So, here's where the knack for trouble shooting comes in. I call in our new network admin to help troubleshoot the problem. We hook up the server, plug everything in, and hit the power button. Nothing happens except a series of beeps. I look at the network admin, and say "The video card's fried". His response is along the lines of "how do you know that" I spend the next several min trying to explain my reasoning, and fail miserably. He insists on a long drawn out attempt at a bunch of other things, until I convince him to track down a compatable video card. we plug it in, and the computer boots without a hitch... well, almost... the card isn't compatable with the OS/2 draver that's loaded, so we can't do much... We ended up finding another card with a similar chipset that would run on the same driver, and the server's back up, but, it goes to show... some of us speak beep, others may know how to troubleshoot, but have absolutely no instinct as to where to start.
assumptions can be a great starting point when you're troubleshooting... as long as you're willing to let them go if they don't pan out.
Assumptions, my biggest bane as a developer...
I work in an environment where requirements gathering is not a very high priority. The users really don't want to give you the time and management doesn't care because requirements gathering keeps folks from their tasks. As a developer you are expected to be the SME. It is really a drag. Having assumptions in an environment like this is a way of live and they cause a lot of extra work.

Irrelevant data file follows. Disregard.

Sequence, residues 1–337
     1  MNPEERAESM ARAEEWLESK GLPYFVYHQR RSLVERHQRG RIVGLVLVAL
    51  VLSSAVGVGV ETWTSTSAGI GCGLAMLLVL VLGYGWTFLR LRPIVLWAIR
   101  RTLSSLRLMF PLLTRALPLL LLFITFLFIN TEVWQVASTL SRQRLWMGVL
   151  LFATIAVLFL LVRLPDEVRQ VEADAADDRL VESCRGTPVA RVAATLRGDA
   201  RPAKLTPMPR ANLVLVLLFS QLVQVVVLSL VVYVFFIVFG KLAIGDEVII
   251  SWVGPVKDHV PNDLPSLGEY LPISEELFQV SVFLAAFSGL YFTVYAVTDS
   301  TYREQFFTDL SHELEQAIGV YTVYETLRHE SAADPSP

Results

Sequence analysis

Most days I'm busy enough without needing to redo something 10x
When I worked in a small company, I had to talk to the users and collect requirements. They had no problem telling me what they wanted. All my projects were finished in time and the users were happy.
In most big companies I worked for, the business analysts supposed to talk to the users and gather informations. Then they wrote the function spec or the scope of the project to the IT department and the developers developed the project. 9 out of 10 times the scope or the requirement was wrong. We (the developers) spents all the time working on something that no one wanted, or when we got the scope/requirement, we found out we did not have the resources or it could not be finished before the deadline.
What was the problem? The business analysts !!!!! They did not ask the right questions and they did not understand the current system. Basically they did not understand the business and they did not understand the system. Sometimes I don't even know why they were there. I worked with many business analysts, maybe 1 out of 1000 could be able to do the right job.
I asked my manager many times why I could not talk to the users myself and he said it was the company policy and it was not part of my job.